The upgrading of public open spaces triggered more positive development in the surrounding neighbourhoods, and here Design for London was able to promote several flagship projects and kick-start an important programme for Mayor Boris Johnson: “London’s Great Outdoors”. A highlight of this programme of improvements was a new town square with a library constructed in the centre of Barking, transforming the area from a small-scale, two-storey working class neighbourhood to a vibrant, high density town centre with over 500 new dwellings and commercial units, giving the long-time residents a perceptible improvement in amenity value.
An integrated approach to the streetscapes, highways and public space is gaining importance in the design of new streets and squares, with Woolwich as a fantastic example. Road engineering works, for example, are being extended to create well designed streets, and with projects such as the major reworking of Oxford Circus and Exhibition Road in Kensington it has been convincingly demonstrated that pedestrian-friendly zones and shared-space concepts are also possible in inner city districts dominated by traffic.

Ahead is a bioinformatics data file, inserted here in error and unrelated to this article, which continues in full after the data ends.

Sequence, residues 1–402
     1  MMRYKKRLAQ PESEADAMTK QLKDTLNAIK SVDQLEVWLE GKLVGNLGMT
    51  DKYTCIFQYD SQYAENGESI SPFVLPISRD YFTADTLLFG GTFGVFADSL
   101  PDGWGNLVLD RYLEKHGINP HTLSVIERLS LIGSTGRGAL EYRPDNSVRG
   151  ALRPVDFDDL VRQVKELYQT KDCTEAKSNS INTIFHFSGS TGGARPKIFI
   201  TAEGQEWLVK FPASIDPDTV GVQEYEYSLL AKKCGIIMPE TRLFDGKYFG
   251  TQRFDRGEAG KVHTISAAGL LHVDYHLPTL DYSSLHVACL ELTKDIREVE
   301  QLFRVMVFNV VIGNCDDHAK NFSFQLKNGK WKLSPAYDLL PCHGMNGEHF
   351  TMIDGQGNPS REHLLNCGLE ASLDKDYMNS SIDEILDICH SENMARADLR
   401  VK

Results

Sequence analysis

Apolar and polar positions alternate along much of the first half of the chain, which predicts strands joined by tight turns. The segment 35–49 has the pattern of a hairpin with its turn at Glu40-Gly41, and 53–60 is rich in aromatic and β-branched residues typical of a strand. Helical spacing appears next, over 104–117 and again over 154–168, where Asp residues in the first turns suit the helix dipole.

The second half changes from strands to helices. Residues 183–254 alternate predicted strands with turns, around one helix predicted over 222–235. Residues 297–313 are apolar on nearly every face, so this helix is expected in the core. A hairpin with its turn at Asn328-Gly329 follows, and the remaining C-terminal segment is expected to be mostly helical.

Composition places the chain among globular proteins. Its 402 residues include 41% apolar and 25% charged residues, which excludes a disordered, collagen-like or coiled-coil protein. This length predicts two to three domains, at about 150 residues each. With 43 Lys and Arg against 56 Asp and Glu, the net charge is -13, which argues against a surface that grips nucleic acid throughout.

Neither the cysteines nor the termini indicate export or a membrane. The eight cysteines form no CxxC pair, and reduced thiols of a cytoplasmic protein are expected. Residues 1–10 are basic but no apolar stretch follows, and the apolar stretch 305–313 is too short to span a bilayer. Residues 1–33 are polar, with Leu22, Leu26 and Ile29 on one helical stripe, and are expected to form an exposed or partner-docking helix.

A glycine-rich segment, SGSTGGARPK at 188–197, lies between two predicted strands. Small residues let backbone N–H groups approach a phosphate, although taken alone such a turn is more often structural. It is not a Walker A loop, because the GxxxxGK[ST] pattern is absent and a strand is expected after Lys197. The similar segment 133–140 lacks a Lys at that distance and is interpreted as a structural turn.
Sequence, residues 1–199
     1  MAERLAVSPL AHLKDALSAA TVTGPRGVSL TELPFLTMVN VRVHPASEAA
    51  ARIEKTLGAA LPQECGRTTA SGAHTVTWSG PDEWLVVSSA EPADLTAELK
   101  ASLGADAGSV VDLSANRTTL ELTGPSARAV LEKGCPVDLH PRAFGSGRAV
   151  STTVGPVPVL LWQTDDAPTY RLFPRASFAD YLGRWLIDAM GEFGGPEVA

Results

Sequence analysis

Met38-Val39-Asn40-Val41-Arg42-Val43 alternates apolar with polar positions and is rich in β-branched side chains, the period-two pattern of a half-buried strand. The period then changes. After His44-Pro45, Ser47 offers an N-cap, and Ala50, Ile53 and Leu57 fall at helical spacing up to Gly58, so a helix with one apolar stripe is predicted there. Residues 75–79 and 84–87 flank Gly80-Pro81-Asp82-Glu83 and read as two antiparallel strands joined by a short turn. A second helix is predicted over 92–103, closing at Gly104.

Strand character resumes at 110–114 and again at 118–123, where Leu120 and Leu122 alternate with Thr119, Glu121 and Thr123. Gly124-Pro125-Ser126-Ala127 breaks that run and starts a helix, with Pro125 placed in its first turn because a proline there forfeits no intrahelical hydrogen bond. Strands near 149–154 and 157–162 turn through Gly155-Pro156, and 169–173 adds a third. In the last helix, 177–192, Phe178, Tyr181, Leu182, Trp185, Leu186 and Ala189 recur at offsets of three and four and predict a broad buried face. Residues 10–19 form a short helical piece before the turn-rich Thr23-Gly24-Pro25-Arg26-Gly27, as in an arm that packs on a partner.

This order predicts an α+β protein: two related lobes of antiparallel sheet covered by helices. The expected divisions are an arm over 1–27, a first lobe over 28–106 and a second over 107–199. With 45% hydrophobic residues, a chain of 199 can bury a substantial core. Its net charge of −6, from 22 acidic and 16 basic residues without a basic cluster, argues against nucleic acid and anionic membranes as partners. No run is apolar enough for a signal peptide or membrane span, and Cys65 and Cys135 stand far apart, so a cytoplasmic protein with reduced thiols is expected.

Green public spaces have also played a major role in London’s reawakening. A new planning instrument created in cooperation with local and regional partners, the East London Green Grid, lists all green and residual spaces in the eastern part of the city, and defines their need for change to bring stakeholders together. A key priority for the Green Grid is to make recreational areas in this spatially fragmented part of the city more accessible – an important example of which is Rainham Marshes. This area, formerly a waste-tip and restricted military zone, was renaturalised and has in-turn become an attraction for bird enthusiasts and local families alike. Links to the new leisure zone from the adjoining neighbourhoods and Rainham station have also been improved by constructing a pedestrian bridge.
But not all projects for the public realm have been implemented. Plans for the pedestrian-friendly redevelopment of Parliament Square and Victoria Embankment, where traffic creates an almost insurmountable barrier between the City of Westminster and the River Thames, fell victim to cost-cutting measures and were shelved in 2008.
What comes after the Games?